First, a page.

'Ball cutter' fish nothing to fear, expert says
Pacus with nutcracking jaws can grow to almost a metre long
A fish with a toothy bite does not have a taste for male genitalia, a Danish fish expert is assuring nervous Scandinavian swimmers.
Earlier this week, following the first discovery of a pacu in waters between Denmark and Sweden, Peter Rask Moeller of the National History Museum of Denmark jokingly suggested that Scandinavian men should be wary when going for a dip because of the fish's strong bite, which has earned it the nicknames of "ball cutter" and "nutcracker fish."
Part of the Pacu's diet includes nuts. Couple that with an unverified story of the fish with the powerful bite castrating some men in Papua New Guinea, and it was enough to cause a media buzz that could drive some men out of the water faster than the theme music from Jaws.
But Moeller has since clarified that the fish, which is a South American native related to the piranha and can grow to measure about a metre long and weigh 20 kilograms, is unlikely to even be encountered in Scandinavia.
"All we said last week (with a smile) was that male swimmers should keep their pants on in case there are more pacus out there in our cold Baltic waters," Moeller told National Geographic in an email.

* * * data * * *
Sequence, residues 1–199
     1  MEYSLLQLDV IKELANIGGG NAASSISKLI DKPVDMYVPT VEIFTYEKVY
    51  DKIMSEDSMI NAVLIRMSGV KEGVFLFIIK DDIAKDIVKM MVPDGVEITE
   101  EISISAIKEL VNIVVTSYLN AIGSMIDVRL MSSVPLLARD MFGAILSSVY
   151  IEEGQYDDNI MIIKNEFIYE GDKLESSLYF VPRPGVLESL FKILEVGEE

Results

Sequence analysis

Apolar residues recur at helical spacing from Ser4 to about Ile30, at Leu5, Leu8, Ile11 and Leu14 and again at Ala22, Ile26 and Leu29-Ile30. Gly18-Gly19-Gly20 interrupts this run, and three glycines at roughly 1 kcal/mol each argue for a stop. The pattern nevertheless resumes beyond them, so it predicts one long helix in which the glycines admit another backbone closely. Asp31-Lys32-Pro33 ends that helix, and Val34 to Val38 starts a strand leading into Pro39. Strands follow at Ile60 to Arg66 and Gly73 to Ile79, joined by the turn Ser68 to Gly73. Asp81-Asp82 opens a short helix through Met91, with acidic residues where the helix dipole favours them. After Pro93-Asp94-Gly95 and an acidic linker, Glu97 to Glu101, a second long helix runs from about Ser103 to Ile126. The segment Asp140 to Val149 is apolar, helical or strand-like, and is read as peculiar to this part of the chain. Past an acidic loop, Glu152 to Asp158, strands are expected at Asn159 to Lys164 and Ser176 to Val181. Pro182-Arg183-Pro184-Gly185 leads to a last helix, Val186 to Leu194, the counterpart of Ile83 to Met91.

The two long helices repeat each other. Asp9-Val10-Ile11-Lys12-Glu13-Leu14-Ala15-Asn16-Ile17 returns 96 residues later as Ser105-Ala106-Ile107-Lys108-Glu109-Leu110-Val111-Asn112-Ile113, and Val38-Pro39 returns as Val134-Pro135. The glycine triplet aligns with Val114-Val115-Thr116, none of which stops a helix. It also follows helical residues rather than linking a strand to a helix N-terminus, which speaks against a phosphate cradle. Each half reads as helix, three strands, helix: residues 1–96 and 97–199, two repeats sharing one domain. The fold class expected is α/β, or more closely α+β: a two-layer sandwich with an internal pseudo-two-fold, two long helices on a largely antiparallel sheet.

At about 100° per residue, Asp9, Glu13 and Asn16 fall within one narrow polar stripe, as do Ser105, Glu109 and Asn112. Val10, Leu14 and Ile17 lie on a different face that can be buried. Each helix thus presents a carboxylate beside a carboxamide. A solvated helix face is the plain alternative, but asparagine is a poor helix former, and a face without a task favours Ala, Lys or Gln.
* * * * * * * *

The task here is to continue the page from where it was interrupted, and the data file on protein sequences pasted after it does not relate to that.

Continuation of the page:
"Its teeth and powerful bite can for sure be dangerous, but to meet one here and [have it bite you] is highly unlikely, of course."
"They fear humans and will try to escape."
Lars Skou Olsen, the curator of Copenhagen's Blue Planet Aquarium, said swimmers need not be worried.
"They will be lucky if they see [a pacu]," he told National Geographic.
Reports of a taste for testicles aside, the discovery of the fish near Denmark does have experts pondering. Moeller says no one thought a pacu could live in cold salt water.
"That this fish thrived in the seas is a mystery," he told National Geographic.
The fish is sold legally in Denmark, leading Moeller to theorize it may have been released from a home aquarium.
There have been many reports of red-bellied pacus showing up in U.S. lakes and rivers.